We decided we wanted to go to Arikok, the national park, next, and stopped in Santa Cruz on the way to pick up some water and a few snacks. I couldn't help shooting a few more photos inside the grocery store.
Nizza? Fo shizzle!
Such cool candy packaging.
And such a cool supermarket name - Mundo Nobo. Why can't we have that here? All we have is boring stuff like Kroger and Publix!
I'm so glad I go a shot of this little piece of paper, because I think it ended up getting lost before we got home. It was a page we pulled out of one of the tourist guides with a reference for all the Dutch/European street signs.
We arrived at Arikok's main entrance (the west one near Santa Cruz), where I did buy a t-shirt at the "Logo Shop." I'm not a huge souvenir person, but t-shirts are always good by me.
A quick stop at the Visitor's Center to buy tickets (only $5 each) and take a look at the information displays. Pay close attention to the snake photo- it'll be important in a later post...
Right out of the visitor's center we figured out that we were in trouble. You may recall one of the photos of our tiny little rental car from an earlier post. A rental car that was most decidedly not a four wheel drive. We had originally planned to drive the big loop road around Arikok and started out with great plans to spend quality time both out walking around and driving in our air-conditioned car.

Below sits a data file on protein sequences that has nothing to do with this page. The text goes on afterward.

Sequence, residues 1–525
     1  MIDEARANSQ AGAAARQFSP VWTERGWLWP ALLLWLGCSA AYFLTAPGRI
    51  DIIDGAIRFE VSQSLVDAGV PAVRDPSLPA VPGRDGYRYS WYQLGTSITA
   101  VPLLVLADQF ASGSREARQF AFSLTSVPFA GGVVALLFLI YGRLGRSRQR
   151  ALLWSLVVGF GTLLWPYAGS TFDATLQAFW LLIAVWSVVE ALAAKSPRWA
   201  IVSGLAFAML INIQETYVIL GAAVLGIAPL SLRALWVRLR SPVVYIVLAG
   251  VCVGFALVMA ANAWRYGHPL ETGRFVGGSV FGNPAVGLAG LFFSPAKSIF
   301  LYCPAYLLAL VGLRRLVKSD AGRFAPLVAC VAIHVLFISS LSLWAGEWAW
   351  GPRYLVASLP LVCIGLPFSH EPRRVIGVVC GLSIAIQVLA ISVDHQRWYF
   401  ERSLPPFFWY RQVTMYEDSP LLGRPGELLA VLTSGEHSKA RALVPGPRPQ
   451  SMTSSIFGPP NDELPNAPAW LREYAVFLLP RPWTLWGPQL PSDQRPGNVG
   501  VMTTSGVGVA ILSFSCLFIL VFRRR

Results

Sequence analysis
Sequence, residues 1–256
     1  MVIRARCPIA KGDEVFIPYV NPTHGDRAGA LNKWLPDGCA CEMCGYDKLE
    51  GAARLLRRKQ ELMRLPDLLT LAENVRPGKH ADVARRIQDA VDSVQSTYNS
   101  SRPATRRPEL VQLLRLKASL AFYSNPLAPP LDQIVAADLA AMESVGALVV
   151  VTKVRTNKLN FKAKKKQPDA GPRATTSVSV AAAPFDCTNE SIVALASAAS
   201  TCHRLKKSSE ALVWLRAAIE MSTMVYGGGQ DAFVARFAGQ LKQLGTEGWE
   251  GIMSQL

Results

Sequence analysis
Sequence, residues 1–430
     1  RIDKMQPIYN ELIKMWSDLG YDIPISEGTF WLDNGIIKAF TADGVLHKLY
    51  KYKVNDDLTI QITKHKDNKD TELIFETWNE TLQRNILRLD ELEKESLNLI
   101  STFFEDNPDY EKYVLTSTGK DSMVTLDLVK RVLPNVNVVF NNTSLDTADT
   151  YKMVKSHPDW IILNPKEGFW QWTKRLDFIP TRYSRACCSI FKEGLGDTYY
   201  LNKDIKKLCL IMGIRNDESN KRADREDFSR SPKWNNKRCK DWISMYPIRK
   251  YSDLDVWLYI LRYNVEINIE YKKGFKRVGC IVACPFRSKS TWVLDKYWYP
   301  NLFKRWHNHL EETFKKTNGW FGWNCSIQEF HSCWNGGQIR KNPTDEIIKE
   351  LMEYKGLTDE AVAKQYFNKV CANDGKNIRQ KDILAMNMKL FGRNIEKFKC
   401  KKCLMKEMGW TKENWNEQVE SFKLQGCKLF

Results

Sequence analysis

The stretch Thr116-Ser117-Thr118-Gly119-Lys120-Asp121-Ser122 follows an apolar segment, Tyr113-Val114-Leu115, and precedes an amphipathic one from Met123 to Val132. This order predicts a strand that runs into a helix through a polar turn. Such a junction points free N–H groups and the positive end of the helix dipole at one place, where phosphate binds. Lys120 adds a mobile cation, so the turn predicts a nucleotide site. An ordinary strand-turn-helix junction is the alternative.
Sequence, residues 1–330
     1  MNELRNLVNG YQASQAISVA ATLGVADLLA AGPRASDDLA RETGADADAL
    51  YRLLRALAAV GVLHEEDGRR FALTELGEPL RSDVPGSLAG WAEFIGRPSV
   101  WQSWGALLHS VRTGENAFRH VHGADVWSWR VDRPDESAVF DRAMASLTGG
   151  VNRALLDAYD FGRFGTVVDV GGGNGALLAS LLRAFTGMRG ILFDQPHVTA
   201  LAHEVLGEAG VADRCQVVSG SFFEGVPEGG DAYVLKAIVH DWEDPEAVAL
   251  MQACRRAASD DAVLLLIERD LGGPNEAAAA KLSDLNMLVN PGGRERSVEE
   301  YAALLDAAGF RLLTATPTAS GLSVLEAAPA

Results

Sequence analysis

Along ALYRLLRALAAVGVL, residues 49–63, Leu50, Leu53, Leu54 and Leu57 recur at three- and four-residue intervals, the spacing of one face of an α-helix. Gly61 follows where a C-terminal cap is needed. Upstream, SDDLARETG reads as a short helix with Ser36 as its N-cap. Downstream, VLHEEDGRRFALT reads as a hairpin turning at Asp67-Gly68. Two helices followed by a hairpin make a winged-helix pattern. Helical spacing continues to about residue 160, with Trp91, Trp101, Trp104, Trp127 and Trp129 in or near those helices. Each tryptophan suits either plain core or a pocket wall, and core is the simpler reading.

Except the roads didn't cooperate. Less than half a mile from the visitor's center the "groomed" road ended and became a rutted, rocky, impassable (for our car) mess. So we backtracked to the head of one of the hiking paths that we could get to and decided to walk around for a while.
Definitely some cool plants around here.
And that big cavern behind the tree?
Yeah, Darren climbed into it. :)
And also up a rock.
For some reason, at this point we were feeling adventurous (well, more so than usual) and decided to drive as close to Conchi (the natural pool) as we could get and then hike the rest of the way.
This "road" was almost the end of the drivable part (for our car).
And then we got out somewhere around here and started hiking down, having no clue how far we had to go. Luckily, we met some people who were hiking back up from Conchi who said that it was an hour and a half just to get there, and they'd been a bit underwhelmed. Also? They looked exhausted. So we decided then and there that we would just leave Conchi for the next time we were in Aruba (because we are so definitely going back) and make sure that we had a four wheel drive for the trip.
What Darren doesn't know yet about that day (and we'll see how long it takes him to find this post and read it :) ) is that I was already tired, plus it was hot outside. I usually don't mind hot, but for some reason that day it was getting to me (probably because I was tired), and I was trying very hard not to turn into Melissa von Crankypants. Because, really, it's just bad form to do that on vacation, especially in Aruba. So when Darren decided that he didn't really feel like making that hike...I didn't argue much at all. :)